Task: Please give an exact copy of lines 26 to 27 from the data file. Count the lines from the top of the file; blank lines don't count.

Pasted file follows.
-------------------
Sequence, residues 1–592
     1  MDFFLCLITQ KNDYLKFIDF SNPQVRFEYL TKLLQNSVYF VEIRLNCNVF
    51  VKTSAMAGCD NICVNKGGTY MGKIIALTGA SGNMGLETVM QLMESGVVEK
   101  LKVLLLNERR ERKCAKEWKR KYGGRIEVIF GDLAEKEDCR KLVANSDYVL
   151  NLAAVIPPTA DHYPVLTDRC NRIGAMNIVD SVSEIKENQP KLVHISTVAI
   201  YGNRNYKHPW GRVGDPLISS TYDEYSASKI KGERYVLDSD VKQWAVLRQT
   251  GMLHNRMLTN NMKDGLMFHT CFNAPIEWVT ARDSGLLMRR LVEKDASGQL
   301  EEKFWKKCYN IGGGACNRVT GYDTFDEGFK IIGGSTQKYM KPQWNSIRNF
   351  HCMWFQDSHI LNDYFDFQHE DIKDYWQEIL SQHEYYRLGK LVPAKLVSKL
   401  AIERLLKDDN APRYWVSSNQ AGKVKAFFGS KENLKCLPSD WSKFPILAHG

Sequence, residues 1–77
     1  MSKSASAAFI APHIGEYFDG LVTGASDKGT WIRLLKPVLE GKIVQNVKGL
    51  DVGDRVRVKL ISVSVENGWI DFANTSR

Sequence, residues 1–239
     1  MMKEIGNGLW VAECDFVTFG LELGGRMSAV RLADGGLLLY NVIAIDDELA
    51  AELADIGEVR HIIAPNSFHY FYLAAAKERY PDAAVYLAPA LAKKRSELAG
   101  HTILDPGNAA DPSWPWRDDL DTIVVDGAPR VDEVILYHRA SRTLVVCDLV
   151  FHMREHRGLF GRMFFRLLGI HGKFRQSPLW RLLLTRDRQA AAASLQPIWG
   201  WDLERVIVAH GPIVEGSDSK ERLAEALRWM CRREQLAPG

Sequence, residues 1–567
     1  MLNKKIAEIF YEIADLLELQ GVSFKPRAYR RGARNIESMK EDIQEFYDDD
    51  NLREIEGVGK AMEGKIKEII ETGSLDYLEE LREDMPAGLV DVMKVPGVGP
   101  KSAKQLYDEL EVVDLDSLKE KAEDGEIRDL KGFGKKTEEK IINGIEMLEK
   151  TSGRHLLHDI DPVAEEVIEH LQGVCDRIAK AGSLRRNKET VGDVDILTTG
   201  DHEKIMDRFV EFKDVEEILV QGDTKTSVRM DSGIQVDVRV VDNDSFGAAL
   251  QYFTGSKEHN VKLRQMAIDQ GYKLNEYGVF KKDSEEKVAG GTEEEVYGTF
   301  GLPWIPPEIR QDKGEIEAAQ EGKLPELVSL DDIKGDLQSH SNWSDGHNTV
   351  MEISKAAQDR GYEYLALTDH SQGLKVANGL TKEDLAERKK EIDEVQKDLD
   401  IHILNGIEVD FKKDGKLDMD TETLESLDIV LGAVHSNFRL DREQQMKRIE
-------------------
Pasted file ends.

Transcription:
   251  QYFTGSKEHN VKLRQMAIDQ GYKLNEYGVF KKDSEEKVAG GTEEEVYGTF
   301  GLPWIPPEIR QDKGEIEAAQ EGKLPELVSL DDIKGDLQSH SNWSDGHNTV